It cannot be concluded that the “wine” Timothy was instructed to mix with the water was alcoholic. In fact, it would be a contradiction against interpretation of Jewish practice to drink alcoholic wine. To insure extreme care in this area, wine (grape juice) was watered down as much as five parts water to one part wine.

    Also, he was to do so for medicinal reasons, “for thy stomach's sake and thine often infirmities.” Even its use was not encouraged as a beverage.

    “Wine is a mocker, strong drink is raging: and whosoever is deceived thereby is not wise.” Proverbs 20:1
     
  12. ChristianCynic

    ChristianCynic <img src=/cc2.jpg>

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    Ketchum, as much as there is to say about ......... of much of your post, it suffices to quote Proverbs 31:6-7 -- Give strong drink to him who is perishing, And wine to him whose life is bitter. Let him drink and forget his poverty And remember his trouble no more.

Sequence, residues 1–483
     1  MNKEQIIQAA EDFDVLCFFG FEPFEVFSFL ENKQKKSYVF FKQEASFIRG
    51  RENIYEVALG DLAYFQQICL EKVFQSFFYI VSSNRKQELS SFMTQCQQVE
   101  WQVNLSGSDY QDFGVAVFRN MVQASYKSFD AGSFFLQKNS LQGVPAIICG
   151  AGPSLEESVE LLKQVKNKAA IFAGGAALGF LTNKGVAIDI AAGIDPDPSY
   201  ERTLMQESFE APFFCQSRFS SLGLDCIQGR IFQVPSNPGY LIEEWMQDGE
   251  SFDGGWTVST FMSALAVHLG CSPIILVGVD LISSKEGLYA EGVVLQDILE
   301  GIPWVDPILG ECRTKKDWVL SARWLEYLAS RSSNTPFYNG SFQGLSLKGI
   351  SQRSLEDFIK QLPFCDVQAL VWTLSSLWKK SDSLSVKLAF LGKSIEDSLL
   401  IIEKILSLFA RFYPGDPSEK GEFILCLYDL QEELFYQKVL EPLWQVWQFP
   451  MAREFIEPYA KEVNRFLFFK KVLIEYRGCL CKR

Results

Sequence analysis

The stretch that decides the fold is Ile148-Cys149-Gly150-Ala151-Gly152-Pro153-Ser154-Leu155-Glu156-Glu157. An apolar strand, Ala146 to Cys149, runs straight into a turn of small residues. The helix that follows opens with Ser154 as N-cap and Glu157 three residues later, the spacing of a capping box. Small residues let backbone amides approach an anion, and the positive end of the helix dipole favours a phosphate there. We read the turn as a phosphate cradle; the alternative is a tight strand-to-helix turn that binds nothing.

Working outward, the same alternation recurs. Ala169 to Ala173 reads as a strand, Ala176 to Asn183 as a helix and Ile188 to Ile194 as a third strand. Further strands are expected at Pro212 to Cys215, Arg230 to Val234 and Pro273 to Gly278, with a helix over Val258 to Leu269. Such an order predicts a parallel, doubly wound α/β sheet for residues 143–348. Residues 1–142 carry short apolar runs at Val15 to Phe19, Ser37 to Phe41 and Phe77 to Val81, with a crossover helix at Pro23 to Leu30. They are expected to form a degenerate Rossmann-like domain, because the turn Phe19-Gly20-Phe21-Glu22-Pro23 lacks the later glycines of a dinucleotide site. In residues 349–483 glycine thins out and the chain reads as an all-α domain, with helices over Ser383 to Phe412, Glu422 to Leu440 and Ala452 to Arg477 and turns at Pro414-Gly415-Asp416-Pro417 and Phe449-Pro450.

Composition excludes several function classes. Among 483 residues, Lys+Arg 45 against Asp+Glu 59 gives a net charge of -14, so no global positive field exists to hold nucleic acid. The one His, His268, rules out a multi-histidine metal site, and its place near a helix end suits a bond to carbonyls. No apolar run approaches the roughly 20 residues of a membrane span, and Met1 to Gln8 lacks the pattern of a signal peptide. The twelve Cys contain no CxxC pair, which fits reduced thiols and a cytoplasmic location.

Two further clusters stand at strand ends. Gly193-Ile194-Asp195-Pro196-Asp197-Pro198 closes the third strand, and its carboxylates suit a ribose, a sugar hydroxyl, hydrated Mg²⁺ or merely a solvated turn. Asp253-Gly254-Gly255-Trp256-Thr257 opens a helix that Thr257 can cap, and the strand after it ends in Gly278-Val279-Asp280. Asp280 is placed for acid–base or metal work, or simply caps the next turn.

[ October 11, 2002, 11:19 PM: Message edited by: ChristianCynic ]
     
  13. blackbird

    blackbird Active Member

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    Brother 'Cynic!!

    The Doctor is in his office--

    Are you on your "Death Bed?"

    Do you not have one dime to your name?

    Are you in misery?

    Your friend,
    Blackbird
     
  14. C.S. Murphy

    C.S. Murphy New Member

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  15. ChristianCynic

    ChristianCynic <img src=/cc2.jpg>

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    Fantastic! And the turtle in in his shell.

    Are you on your "Death Bed?"

    No, I sleep on a foam mattress-- which I am not on as I type this.

    Do you not have one dime to your name?

    No, I don't. I just checked and I have 4.

    Are you in misery?

    No, in Texas.
     
  16. Jim Ellis

    Jim Ellis New Member

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    If there's one thing I cannot stand, it's a drunkard! Although I don't like wine, I love good grape juice! But as for being spiritually minded, let me be totally intoxicated with being with and in Jesus any day!
    WOW! I LOVE YOU JESUS! MAN OH MAN, HIGH ON JESUS! YES!!